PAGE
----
Public Garden being created at Firestone Library
This garden is being constructed as a green roof covering a portion of Firestone Library. The garden will exemplify the University’s commitment to sustainability, and it will be in a prominent location that members of the campus community and visitors to the campus pass by frequently. It is readily visible from Nassau Street, and thus to the town. It is a new space that has no existing name.
Easternmost arch in East Pyne
This arch looks out on Firestone Plaza and the Chapel; it is the first arch students pass through when they leave the Chapel after Opening Exercises and the first they pass through when they leave after Baccalaureate. Students frequently designate arches as meeting places and singing groups frequently make use of them. This arch is on the regular route for Orange Key tour guides.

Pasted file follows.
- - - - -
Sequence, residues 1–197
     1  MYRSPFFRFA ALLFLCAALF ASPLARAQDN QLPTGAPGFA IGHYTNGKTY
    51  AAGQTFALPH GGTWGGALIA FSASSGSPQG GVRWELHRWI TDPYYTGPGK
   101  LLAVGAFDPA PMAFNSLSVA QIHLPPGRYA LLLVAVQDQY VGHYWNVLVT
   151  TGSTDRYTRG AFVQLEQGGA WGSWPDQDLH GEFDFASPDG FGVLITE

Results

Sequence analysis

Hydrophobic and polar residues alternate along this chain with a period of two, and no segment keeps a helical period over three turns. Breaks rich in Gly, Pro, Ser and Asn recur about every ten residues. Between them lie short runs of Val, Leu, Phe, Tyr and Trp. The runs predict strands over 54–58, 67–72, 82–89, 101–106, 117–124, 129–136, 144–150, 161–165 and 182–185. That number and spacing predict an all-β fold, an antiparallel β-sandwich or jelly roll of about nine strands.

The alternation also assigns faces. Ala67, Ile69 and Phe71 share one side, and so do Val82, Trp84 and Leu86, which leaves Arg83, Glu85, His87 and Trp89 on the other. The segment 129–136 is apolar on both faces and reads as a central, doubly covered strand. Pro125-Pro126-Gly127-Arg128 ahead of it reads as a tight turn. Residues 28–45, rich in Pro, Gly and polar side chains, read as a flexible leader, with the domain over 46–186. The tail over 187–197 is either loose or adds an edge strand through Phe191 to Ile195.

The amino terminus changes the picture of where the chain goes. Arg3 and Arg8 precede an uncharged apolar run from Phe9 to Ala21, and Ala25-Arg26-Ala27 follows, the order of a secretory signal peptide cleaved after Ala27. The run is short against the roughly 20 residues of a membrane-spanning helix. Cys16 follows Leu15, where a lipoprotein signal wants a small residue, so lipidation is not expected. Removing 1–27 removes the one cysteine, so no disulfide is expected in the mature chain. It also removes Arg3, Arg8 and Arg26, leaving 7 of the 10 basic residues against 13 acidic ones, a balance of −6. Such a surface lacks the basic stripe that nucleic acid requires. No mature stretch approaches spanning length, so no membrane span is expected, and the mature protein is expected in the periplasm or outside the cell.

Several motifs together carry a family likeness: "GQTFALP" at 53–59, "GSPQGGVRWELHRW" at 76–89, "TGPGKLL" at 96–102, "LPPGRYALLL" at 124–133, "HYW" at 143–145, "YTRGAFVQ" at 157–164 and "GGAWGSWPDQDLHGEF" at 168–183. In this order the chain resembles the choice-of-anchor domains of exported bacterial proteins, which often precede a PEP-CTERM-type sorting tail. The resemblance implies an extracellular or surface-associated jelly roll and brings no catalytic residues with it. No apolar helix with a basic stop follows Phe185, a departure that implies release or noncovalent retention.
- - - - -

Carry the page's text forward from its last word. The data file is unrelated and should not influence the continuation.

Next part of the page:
Many buildings at Princeton are named for donors or their friends, families or alumni classes, but some have honorific names that were requested by the donors: two examples are Lewis Thomas Laboratory, named at the request of Laurance Rockefeller ’32 for Lewis Thomas ’33, a prominent doctor and essayist, and Bowen Hall, named at the request of Gordon Wu ’58 for former Princeton President William G. Bowen *58. Other buildings have honorific names that were assigned by the Trustees, such as John Maclean House, which was named for the Princeton president who founded the Alumni Association when that office moved into the building in 1968. The building previously had served as the home of the Dean of the Faculty, during which time it was known as the Dean’s House.